Weekend by Christopher Pike (Book Review)

Weekend by Christopher PikePlot: The weekend in Mexico sounded like a dream vacation. Four guys, five girls–and a gorgeous ocean-side mansion all to themselves. It should have been perfect.

Except nothing was going the way they’d planned. There was the girl upstairs who was fighting for her life. The phone lines that went dead. And the explosion in the garage that could have killed them all.

But not even that prepared them for what happened next. Because while they were getting some sun, someone else was getting revenge–and the terror wouldn’t stop until the weekend was over.

My Review: Wow, by the time I sat down and found the time to write this review its now a month or so after I finished reading it. My hubby’s been off of work with medical issues for the last month and I haven’t had a moment of peace and quite to get it done! So I’m sorry if this review is lacking examples of specific scenes.

So, yet another Christopher Pike book. One of my favorite authors from when I was a teenager. Actually, I still to this day (in my 30s) enjoy most of his work. He was always able to capture people realistically.

Weekend isn’t very different then the rest of his books. A bunch of teenagers in some sort of trouble. In this case there was some sort of freak accident that happened a year or so before the events in this book, a girl gets poisoned and is dying of Kidney failure because of it. Fast forward to current events and the group of friends get together for a nice party weekend and accidents start happening. It seems someone is out for revenge, or are they?

I really enjoyed this book. Until the end. Well, maybe before that. See in the very beginning of the book we meet up with most of the characters. Two car loads of friends headed out into the Mexican desert to get to the house where the party weekend is going to take place. Its during the car ride that we learn a bit of history on the group of friends. This one used to date that one, this one is new to the group, that one still likes that one, etc etc. It isn’t until much later that we discover what happened to this group in the past. But once we do the mystery of what happened and who was responsible for the accident start to unravel.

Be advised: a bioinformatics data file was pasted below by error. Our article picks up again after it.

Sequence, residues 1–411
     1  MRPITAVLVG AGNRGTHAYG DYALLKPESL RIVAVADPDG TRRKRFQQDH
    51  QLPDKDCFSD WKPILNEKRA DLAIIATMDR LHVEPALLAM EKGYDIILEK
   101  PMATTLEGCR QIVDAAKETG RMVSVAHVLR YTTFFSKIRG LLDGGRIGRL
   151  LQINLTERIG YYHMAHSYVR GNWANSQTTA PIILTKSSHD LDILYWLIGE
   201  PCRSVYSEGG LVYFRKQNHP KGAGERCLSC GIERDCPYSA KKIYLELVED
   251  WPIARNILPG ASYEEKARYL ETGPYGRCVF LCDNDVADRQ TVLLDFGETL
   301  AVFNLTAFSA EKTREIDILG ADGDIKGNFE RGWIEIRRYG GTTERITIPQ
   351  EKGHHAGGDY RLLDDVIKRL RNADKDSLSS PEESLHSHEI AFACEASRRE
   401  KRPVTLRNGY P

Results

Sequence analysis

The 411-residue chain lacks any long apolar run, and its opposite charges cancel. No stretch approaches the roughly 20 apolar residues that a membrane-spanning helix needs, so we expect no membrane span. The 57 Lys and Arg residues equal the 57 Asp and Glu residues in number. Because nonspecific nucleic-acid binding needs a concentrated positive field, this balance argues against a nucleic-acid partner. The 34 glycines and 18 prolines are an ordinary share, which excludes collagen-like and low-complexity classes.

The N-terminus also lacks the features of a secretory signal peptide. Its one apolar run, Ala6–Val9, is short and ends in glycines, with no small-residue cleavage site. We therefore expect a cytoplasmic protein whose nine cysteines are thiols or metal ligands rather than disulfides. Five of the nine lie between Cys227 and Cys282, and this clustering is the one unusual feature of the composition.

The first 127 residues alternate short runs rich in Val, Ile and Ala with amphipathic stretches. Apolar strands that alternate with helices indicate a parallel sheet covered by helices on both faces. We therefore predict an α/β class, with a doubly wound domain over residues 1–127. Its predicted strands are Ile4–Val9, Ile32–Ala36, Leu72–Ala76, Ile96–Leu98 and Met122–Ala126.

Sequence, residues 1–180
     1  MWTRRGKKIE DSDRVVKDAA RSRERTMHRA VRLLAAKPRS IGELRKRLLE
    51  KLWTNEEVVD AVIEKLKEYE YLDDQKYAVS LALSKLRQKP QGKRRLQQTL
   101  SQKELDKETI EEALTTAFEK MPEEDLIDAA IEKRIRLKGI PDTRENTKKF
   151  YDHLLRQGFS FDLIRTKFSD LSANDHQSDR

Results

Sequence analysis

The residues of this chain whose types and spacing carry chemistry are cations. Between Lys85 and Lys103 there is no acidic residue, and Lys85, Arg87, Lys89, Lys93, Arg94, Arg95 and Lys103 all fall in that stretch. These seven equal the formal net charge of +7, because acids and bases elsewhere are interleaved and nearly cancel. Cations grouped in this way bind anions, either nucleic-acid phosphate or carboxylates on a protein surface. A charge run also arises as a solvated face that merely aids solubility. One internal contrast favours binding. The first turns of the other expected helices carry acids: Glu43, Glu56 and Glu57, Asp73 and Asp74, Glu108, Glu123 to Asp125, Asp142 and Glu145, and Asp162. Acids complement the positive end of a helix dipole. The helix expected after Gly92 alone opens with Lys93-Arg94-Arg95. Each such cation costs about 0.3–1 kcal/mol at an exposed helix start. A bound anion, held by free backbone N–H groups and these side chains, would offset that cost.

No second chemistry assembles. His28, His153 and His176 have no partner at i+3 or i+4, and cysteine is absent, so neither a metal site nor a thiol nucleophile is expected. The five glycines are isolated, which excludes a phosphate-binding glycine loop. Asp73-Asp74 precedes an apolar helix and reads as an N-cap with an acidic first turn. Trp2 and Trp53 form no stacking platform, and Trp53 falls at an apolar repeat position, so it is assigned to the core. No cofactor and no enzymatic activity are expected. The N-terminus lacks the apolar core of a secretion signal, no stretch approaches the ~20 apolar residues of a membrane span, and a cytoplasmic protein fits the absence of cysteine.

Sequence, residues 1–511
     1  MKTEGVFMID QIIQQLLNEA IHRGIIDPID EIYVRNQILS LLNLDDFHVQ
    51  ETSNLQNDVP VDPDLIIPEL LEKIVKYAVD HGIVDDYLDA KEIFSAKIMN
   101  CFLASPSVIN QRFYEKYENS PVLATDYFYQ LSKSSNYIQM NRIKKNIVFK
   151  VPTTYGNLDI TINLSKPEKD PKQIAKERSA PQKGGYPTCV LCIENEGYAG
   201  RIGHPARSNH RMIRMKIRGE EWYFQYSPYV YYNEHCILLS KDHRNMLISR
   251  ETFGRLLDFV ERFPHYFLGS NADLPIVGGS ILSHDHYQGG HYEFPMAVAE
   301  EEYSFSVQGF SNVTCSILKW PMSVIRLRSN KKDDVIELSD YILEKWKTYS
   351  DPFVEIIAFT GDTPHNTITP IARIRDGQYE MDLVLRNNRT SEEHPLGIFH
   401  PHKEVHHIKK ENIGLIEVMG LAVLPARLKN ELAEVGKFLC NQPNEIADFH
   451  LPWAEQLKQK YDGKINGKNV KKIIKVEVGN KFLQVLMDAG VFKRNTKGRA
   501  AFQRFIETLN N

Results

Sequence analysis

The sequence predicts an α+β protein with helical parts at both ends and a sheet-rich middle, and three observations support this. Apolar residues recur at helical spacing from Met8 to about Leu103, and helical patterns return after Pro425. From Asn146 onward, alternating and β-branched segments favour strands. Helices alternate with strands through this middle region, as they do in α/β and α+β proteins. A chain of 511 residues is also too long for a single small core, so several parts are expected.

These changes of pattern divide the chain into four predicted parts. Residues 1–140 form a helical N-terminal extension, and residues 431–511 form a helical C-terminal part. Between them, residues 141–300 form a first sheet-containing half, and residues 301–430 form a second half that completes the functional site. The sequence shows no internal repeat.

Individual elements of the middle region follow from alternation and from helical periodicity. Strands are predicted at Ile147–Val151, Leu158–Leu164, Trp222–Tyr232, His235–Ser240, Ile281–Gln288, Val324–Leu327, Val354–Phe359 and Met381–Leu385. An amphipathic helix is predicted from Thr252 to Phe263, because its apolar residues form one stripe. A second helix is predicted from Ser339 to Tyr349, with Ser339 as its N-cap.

All the characters are pretty likable, that is one of the reasons I love Pike’s work to this day. But what bothered me was the pointless (in my eyes) supernatural angle brought in by the Native American in the beginning of the book. Talking about snakes and things like that. All foreshadowing — no its more then that I suppose, a correlation or what have you, for the people and what happens later in the book. It was completely unnecessary and felt weird for this sort of book. I’m not one to hate on the Supernatural or coincidences or things like that, but it just seemed out of place with this book.

Then you have the real ending where everything is nicely wrapped up and that’s that. If I go into even vague details I feel like I’m spoiling the book. So I won’t. But what annoyed me about this book is it felt like “and the moral of the story is blah blah blah, and then everything is ok”. I guess I just felt that it should have ended differently.

Overall: In the end this story is about relationships and friendships. Not like Pike’s usual “scary” stories. While this had some mystery to it, in the end it really wasn’t horrific. Still it was an interesting story that makes you think about what’s going on, and who’s behind everything. I would still recommend it.

My Rating:
4-Star-Rating

5 Responses to Weekend by Christopher Pike (Book Review)

  • avatar
    Dead Zed says:

    I almost forgot about Christopher Pike. I loved his horror books growing up. Always much better then R.L. Stine I thought as Pike is always a little more adult and risque. I was wondering if his books would still hold up today, but seeing as you say you still love to read him, maybe I’ll give The Weekend a go for nostalgia sake. Thanks.

  • avatar
    Kat says:

    I would definitely agree with you. I’ve been trying to get back to the YA books that made me enjoy reading, which are mainly Pike and Stine, and you are correct. Stine’s books, although aimed at teenagers like Pike’s just seemed so much younger then Pike’s work.

    I love the Remember Me books. Fall Into Darkness, and a few others. Stay tuned because I’m planning on reading & reviewing the 20 + I have of Pike’s books, and the 50+ I have of R. L. Stine’s Fear Street books.

  • avatar
    Chris says:

    Glad to see there is still interest in Christopher Pike’s work. I ate those little novels up as a high school student and I think it was his brand of horror/thriller that sparked in me an interest in writing. I went 20 years without reading any of his YA work, but came across some paperbacks in a used bookstore and I’ve been revisiting them and find them just as charming in a creepy sort of way as I did then. It’s worth mentioning that he also has some adult novels that are worth a read too.

  • This was a good review. I can understand what you mean with your dissatisfaction. Seems like there were just some things put in as obvious plot devices. I like authors who can capture characterization well though.

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